The sleeve of covering material 55 may be sized to stretch to substantially conform to the external wall or surface of the chute 30 or may be more loosely held thereon. In some embodiments, the shape, size and/or type of object or product can determine a suitable netting diameter and/or chute size to provide a desired tightness of netting and, hence, influence the chute design factor. In operation, a supply of covering material 55 (FIG. 7) can be placed on or about the chute 30 and arranged to surround the exterior surface of at least a portion of the product chute 30. The covering material 55 stretches in tension in the downstream direction to cover the product (tenting in the axial direction) as the product exits the discharge end portion 34 of the chute 30. In certain embodiments, the covering material is configured and sized to stretch in at least the lateral direction and typically in both the lateral and axial directions as it is held on and dispensed from the chute 30. The product chute floor 32 may be a stationary embossed floor as shown.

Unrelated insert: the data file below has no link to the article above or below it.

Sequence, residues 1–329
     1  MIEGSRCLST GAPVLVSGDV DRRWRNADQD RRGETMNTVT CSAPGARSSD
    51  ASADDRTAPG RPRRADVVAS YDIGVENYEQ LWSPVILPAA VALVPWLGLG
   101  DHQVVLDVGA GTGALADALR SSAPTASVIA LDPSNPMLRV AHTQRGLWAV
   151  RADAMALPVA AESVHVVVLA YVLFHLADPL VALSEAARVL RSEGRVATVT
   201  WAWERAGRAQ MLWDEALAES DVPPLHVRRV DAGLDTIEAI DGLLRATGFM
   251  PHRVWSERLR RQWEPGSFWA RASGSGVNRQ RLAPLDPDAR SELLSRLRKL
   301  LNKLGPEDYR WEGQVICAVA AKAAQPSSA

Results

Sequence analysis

However, it is also noted that the chute 30 may include an embossed moving floor (not shown). The chute 30 may be sized relative to the product so that the product extends across a major portion of the width of the cavity, and in certain embodiments, extends across at least about 75% of the width of the cavity. In certain embodiments the target product and chute channel 31 are sized so that the sides and/or top and bottom of the product are pressed against the sidewalls (and floor, and potentially the ceiling) of the chute 30 as the product is pushed therethrough.
The product chute 30 can include a handle or other suitable gripping means (not shown) thereon to facilitate operator handling. In addition, the product chute 30 may include a mounting bracket (also not shown) that allows the chute 30 to be secured to a mounting frame during operation.